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How to Get a Hoya Plant to Bloom


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The hoya, also known as the wax plant, is a vining tropical plant that makes a low-maintenance houseplant. There are more than 200 varieties of hoyas and each produces a different flower pattern and leaf. All produce fragrant flowers. It may take several years for young hoyas to reach maturity and begin flowering, but gardeners can encourage mature hoyas to flower at any time. Water, fertilizer, temperature and light are all factors that affect flowering.

Difficulty:
Easy

Instructions

things you’ll need:
  • Plant pot
  • Potting medium
  • Ground bark
  • Grow light
  • Water
  • General-purpose fertlizer
    1. Plant the hoya in a coarse potting soil. Fill the pot with 2 parts potting medium and 1 part ground bark medium and plant the hoya in the medium so the top of the root ball is level with the soil surface. This potting mixture gives the roots plenty of air circulation.
    2. Keep the hoya in your sunniest window. The plants thrive on sunlight, and use it to produce reproductive flower parts. If you don’t have a window that gets eight hours of sunlight a day, put the hoya under a grow light to encourage blooming.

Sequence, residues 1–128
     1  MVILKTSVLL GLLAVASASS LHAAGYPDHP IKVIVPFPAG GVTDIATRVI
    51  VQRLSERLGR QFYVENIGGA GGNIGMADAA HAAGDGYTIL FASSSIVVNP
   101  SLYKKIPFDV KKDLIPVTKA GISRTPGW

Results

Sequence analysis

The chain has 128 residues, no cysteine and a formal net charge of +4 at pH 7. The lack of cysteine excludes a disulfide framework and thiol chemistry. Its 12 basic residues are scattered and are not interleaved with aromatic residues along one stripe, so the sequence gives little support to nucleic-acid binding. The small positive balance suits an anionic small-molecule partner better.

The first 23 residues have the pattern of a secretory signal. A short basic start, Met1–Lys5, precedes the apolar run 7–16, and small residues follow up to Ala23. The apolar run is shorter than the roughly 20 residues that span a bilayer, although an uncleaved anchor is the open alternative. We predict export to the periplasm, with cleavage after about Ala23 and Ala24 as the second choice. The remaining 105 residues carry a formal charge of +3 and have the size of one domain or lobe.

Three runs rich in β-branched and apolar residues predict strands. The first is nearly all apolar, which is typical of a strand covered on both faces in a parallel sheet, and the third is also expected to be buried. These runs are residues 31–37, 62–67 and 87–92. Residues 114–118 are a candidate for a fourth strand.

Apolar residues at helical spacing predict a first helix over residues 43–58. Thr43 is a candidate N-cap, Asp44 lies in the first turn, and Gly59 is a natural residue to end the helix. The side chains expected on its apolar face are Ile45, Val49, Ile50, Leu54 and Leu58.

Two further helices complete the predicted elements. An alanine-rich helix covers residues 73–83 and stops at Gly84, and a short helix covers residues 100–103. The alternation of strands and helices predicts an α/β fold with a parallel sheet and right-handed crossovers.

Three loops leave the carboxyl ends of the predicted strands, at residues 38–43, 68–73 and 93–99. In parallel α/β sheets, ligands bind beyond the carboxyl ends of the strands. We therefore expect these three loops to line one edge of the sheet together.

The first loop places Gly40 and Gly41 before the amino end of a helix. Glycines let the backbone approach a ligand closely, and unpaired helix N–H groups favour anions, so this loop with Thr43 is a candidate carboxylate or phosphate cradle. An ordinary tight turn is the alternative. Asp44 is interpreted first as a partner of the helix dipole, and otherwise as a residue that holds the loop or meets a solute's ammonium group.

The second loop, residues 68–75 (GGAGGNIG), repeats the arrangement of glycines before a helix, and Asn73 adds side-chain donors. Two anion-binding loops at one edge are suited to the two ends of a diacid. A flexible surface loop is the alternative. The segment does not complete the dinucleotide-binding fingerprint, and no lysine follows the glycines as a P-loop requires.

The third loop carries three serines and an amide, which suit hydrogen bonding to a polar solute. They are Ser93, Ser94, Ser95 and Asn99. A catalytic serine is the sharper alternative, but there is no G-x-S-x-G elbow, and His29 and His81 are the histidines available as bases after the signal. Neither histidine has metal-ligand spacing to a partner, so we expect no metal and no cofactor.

3. Keep the temperature in the room between 65 and 75 degrees F to mimic

      spring weather.

    4. Water the hoyas thoroughly in the spring and summer, or whenever you are trying to get the plant to bloom. Pour water into the potting medium until it comes out of the drainage holes in the bottom. Allow the soil to become dry to the touch between waterings.
    5. Apply a general purpose fertilizer to the soil according to the package directions.
    6. Do not prune back the hoya branches. Hoyas blossom on old growth. Cutting the plant back will remove the bloom-producing branches.

Tips & Warnings

  • The combination of these steps will encourage the hoya to bloom, but if your hoya is not mature, it will not respond. Some hoyas take several years to reach the blooming stage. Also, do not try to force a hoya to bloom after the growing season is over. Reduce your watering and fertilizing schedule during the winter months so the plant can rest and regroup for next season’s blooms.

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